Studies in History and Philosophy of Science Part B 26 (2):121-136 (1995)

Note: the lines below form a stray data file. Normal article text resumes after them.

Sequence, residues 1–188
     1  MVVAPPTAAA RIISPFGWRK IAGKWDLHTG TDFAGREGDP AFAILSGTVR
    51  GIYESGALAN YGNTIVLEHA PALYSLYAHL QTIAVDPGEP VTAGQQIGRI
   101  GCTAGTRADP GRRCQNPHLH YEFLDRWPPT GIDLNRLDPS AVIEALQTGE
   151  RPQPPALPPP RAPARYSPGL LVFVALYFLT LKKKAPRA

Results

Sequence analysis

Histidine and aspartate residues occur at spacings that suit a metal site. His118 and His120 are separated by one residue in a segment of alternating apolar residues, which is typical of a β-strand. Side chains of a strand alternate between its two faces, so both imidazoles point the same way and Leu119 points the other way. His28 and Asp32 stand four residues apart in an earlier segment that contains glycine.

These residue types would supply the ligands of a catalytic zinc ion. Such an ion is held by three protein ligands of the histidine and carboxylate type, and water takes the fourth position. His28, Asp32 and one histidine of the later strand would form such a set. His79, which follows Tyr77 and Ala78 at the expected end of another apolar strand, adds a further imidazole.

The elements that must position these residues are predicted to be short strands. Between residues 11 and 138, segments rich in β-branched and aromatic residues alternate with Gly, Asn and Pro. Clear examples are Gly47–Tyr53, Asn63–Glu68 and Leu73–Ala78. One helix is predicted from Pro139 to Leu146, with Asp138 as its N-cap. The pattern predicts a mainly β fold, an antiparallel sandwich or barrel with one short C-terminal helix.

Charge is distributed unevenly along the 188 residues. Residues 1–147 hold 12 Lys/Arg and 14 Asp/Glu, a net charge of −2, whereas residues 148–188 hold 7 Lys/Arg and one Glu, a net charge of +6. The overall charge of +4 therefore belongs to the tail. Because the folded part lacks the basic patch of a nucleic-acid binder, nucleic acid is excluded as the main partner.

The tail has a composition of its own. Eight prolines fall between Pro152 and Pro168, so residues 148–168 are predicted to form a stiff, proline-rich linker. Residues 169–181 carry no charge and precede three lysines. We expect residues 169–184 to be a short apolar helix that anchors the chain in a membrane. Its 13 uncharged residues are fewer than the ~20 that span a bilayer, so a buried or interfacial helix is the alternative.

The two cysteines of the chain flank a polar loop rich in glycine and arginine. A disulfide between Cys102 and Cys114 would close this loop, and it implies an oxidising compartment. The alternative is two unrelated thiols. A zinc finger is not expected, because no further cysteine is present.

|Abstract||Many of the experiments that produced the empirical basis of quantum mechanics relied on classical assumptions that contradicted quantum mechanics. Historically this did not cause practical problems, as classical mechanics was used mostly when it did not happen to diverge too much from quantum mechanics in the quantitative sense. That fortunate circumstances, however, did not alleviate the conceptual problems involved in understanding the classical experimental reasoning in quantum-mechanical terms. In general, this type of difficulty can be expected when a coherent scientific tradition undergoes a theoretical upheaval. The problem may be circumvented through the use of phenomenological theory in experimentation during the period of theoretical instability.|
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